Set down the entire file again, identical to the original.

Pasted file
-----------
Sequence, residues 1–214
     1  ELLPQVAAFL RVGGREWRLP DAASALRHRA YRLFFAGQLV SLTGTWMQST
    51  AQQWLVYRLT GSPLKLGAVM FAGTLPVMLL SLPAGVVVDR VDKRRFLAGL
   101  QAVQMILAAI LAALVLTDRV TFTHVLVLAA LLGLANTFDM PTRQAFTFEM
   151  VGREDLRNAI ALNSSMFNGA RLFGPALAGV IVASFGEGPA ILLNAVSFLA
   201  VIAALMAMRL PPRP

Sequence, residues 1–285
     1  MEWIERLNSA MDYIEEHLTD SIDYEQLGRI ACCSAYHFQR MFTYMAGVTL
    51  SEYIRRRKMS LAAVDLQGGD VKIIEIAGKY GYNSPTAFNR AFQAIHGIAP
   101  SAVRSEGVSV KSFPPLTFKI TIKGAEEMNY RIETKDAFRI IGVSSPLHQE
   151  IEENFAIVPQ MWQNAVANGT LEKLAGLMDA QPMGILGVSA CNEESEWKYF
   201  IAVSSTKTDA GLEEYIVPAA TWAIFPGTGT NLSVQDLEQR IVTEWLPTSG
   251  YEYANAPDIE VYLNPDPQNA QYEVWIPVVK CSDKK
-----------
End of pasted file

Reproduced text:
Sequence, residues 1–214
     1  ELLPQVAAFL RVGGREWRLP DAASALRHRA YRLFFAGQLV SLTGTWMQST
    51  AQQWLVYRLT GSPLKLGAVM FAGTLPVMLL SLPAGVVVDR VDKRRFLAGL
   101  QAVQMILAAI LAALVLTDRV TFTHVLVLAA LLGLANTFDM PTRQAFTFEM
   151  VGREDLRNAI ALNSSMFNGA RLFGPALAGV IVASFGEGPA ILLNAVSFLA
   201  VIAALMAMRL PPRP

Sequence, residues 1–285
     1  MEWIERLNSA MDYIEEHLTD SIDYEQLGRI ACCSAYHFQR MFTYMAGVTL
    51  SEYIRRRKMS LAAVDLQGGD VKIIEIAGKY GYNSPTAFNR AFQAIHGIAP
   101  SAVRSEGVSV KSFPPLTFKI TIKGAEEMNY RIETKDAFRI IGVSSPLHQE
   151  IEENFAIVPQ MWQNAVANGT LEKLAGLMDA QPMGILGVSA CNEESEWKYF
   201  IAVSSTKTDA GLEEYIVPAA TWAIFPGTGT NLSVQDLEQR IVTEWLPTSG
   251  YEYANAPDIE VYLNPDPQNA QYEVWIPVVK CSDKK